Antiviral immunity

Antibodies lock arms against HIV

A rapid mutation rate and a protective coating of host-derived sugars seem to have made HIV antibody proof, and in recent years, the neutralizing-antibody approach to HIV vaccine design has taken a back seat. But, neutralizing antibodies are now back in the spotlight, as a recent report in Science shows.

One of the rare neutralizing HIV-specific antibodies that has been isolated from infected patients is the monoclonal antibody 2G12, which binds with high affinity to oligomannose residues on gp120. To find out exactly how 2G12 binds to gp120, two groups, led by Dennis Burton and Ian Wilson at the Scripps Research Institute, La Jolla, USA, determined the crystal structure of the antigen-binding fragment (Fab) of 2G12 together with its carbohydrate ligand. What they discovered was a completely new and unanticipated mode of antigen binding.

Structure of two domain-swapped Fab molecules. Light chains are shown in blue and the heavy chains from Fab1 and Fab2 are shown in red and purple. Reprinted with permission from Calarese et al. © American Association for the Advancement of Science (2003). Credit: Image reproduced with permission from Calarese et al. © American Association for the advancement of Science (2003)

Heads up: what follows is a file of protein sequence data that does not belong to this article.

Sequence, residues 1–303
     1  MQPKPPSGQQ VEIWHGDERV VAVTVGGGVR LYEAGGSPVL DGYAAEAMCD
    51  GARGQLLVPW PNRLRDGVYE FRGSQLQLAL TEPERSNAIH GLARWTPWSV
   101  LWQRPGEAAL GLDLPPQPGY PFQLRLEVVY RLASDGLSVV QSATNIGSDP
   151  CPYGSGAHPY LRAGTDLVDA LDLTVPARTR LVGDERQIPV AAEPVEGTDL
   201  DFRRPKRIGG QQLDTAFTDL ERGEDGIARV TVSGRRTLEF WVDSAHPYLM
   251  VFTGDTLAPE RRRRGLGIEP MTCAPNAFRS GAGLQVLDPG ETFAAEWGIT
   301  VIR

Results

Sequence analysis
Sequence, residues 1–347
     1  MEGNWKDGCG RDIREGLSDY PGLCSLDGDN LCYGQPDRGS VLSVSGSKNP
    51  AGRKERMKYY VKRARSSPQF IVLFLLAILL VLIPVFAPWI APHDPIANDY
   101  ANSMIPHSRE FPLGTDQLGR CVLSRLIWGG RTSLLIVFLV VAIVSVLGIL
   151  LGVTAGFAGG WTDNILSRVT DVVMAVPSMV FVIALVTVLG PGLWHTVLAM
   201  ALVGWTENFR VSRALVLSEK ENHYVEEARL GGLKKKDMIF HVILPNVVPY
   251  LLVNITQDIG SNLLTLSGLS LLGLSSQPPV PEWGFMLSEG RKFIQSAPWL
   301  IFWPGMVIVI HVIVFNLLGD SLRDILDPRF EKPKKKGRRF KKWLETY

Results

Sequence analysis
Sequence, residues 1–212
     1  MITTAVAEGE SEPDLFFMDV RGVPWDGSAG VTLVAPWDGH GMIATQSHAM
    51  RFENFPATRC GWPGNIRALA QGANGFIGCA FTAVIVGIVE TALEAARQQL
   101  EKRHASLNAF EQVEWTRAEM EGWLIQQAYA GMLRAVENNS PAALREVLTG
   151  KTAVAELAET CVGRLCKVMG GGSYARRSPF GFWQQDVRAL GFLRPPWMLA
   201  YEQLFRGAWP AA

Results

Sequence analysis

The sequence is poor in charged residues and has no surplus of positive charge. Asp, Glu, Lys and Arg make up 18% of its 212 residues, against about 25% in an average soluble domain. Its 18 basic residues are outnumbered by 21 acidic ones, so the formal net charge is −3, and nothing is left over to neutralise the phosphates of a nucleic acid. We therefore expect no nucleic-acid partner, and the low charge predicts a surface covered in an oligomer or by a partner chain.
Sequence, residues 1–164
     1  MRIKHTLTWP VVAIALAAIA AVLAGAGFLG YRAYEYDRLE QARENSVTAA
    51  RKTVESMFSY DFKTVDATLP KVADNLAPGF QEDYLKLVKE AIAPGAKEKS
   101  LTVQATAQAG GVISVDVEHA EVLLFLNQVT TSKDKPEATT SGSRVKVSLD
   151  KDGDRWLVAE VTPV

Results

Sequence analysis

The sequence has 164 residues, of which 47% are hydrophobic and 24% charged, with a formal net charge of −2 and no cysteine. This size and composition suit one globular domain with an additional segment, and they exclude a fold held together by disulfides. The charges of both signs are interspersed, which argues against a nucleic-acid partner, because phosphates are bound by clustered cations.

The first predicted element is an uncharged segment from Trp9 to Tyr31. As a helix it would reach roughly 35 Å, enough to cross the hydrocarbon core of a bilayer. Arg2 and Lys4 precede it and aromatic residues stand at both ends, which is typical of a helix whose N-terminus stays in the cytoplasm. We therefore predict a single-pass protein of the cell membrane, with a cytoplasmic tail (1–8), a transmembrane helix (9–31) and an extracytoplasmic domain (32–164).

Rather than binding the antigen as a monomer, two 2G12 Fabs interlock, forming a dimer in which their heavy-chain variable (VH) domains are 'swapped'. The result is an extended multivalent antigen-binding site that can recognize the close repeating pattern of sugars that mask the surface of gp120 (see diagram). A conventional antibody could never achieve this due to steric constraints. As Dennis Burton told Nature, “It's an ideal molecular solution to recognizing a tight cluster of repeating patterns”.

Whereas the sugars on the surface of gp120 are closely clustered, on host proteins the same sugars tend to be widely spaced, so the unusual antibody structure allows the recognition of a unique feature of the virus.

Researchers can now start thinking about how to exploit this chink in the armour of HIV. The authors of the paper point out that one possibility is to engineer carbohydrate vaccines that mimic the close array of sugars on gp120.



  1. 1

    Calarese, D. A. et al. Antibody domain exchange is an immunological solution to carbohydrate cluster recognition. Science 300, 2065–2071 (2003)


  1. 2

    Back to 'plan A'. Nature 423, 912–914 (2003)

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Bell, J. Antibodies lock arms against HIV. Nat Rev Immunol 3, 604 (2003).

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